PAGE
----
How Big were the Government Responses to the Recession?

Saturday, January 1, 2011

Working Group on Economic Policy: WP47

This paper estimates the size of Federal Government responses to the recession, other than the various Government financial stabilization programs, to be about $3.4 trillion over the 2008-2012 period. Of this total, $1.35 trillion, or 40%, was for spending programs; the remainder for tax cuts. Importantly, more than half (52%) of these responses have not yet taken place but will impact the economy in 2011 and 2012.

In addition to these sums, the Government committed more than $10 trillion to assist the housing and financial sectors, although the government’s actual spending was much less than its commitments, and its net spending after loan repayments and the sales of equity shares that it had acquired will be even less. However, the wide variety of financial stabilization efforts can’t be added to the other spending and tax cut efforts as commitments (especially net commitments over time) are measured in a different manner than spending or tax cuts, and the size of some commitments were unlimited or unknown. Nevertheless, it is appropriate to describe the size of the Federal Government’s responses to the economic recession as including both the more than $3 trillion in spending and tax cuts and the commitments for more than $10 trillion in various financial stabilization programs.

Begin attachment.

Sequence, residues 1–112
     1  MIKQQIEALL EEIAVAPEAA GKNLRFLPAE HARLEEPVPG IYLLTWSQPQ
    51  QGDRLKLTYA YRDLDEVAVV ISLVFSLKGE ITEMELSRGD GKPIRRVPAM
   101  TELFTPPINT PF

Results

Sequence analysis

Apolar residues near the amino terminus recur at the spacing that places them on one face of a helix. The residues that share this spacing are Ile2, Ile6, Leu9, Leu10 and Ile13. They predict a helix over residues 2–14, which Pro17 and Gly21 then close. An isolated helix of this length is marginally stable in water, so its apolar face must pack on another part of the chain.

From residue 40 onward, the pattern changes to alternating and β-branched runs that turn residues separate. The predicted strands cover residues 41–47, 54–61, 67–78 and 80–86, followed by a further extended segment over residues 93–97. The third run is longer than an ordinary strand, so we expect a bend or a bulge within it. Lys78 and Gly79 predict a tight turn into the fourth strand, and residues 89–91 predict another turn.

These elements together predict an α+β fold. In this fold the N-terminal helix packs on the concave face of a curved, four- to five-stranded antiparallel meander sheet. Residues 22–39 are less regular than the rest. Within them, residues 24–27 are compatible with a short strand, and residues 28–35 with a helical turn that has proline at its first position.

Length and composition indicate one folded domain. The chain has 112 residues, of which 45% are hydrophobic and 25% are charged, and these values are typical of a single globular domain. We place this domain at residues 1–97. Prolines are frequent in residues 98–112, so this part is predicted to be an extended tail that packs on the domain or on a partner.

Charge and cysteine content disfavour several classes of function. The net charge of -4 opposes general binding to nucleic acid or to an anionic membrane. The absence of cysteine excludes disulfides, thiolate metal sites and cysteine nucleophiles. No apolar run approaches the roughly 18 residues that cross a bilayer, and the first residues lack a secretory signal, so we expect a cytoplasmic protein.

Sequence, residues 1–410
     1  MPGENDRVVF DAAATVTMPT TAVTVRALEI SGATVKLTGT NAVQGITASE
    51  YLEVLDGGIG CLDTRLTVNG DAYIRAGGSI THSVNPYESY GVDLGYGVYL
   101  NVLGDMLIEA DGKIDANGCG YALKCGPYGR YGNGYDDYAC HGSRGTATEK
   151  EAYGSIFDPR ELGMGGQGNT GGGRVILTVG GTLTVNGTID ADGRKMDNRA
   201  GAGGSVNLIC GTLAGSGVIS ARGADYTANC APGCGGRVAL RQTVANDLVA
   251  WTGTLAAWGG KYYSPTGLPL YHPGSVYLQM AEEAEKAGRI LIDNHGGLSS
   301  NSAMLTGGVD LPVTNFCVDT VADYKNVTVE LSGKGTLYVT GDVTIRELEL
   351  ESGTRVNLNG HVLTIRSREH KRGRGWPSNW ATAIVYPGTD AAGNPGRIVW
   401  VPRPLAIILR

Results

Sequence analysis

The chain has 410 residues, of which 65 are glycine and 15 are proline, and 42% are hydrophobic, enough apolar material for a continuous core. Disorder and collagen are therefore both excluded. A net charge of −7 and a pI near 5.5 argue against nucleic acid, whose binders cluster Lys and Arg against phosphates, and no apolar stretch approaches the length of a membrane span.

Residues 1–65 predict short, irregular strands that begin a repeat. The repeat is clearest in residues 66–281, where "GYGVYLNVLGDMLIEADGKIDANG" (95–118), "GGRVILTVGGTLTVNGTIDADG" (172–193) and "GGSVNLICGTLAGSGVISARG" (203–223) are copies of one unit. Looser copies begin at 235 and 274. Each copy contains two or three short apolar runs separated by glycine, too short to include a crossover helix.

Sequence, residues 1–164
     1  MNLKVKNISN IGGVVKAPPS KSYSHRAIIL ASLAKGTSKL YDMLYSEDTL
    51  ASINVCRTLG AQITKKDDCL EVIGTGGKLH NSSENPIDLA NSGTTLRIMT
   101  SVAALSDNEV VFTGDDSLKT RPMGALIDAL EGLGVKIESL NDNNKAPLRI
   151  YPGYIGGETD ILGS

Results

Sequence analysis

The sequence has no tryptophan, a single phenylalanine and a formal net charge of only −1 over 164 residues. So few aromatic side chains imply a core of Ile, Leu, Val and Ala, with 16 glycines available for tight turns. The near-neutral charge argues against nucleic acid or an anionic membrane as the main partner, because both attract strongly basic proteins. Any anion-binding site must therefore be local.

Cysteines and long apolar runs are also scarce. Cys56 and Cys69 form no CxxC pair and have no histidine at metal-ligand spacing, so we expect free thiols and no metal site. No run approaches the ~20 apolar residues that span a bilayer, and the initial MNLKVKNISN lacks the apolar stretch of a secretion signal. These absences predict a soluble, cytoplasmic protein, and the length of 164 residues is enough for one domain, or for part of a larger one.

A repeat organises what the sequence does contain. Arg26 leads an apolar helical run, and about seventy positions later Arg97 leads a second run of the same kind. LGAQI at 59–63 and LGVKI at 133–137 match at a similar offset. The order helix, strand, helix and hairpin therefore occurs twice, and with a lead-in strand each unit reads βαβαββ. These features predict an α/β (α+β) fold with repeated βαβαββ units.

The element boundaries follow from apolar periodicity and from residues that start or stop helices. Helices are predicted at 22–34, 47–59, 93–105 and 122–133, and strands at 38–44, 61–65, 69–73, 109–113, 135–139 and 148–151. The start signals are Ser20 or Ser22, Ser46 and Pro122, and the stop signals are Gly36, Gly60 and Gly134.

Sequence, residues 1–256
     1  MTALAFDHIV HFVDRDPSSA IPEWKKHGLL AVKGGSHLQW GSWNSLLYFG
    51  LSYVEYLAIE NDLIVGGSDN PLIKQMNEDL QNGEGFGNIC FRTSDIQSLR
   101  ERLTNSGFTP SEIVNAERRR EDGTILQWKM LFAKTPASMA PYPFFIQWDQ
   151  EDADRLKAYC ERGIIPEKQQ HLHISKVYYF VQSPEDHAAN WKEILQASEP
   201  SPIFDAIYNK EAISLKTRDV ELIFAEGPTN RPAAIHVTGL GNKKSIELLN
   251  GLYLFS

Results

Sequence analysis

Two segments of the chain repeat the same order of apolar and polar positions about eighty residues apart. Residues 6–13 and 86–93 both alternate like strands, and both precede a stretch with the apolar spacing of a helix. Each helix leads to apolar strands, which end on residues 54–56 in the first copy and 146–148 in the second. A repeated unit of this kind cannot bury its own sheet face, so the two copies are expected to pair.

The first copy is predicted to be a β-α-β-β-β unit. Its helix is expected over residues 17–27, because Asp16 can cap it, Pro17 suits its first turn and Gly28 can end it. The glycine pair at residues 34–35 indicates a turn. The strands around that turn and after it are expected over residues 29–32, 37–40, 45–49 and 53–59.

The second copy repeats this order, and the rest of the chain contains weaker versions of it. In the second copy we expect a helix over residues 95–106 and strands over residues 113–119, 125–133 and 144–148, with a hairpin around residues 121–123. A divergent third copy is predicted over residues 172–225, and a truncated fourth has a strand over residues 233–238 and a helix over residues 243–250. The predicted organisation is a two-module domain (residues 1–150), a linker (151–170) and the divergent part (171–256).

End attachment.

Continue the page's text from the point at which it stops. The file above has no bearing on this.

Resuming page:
How Big were the Government Responses to the Recession?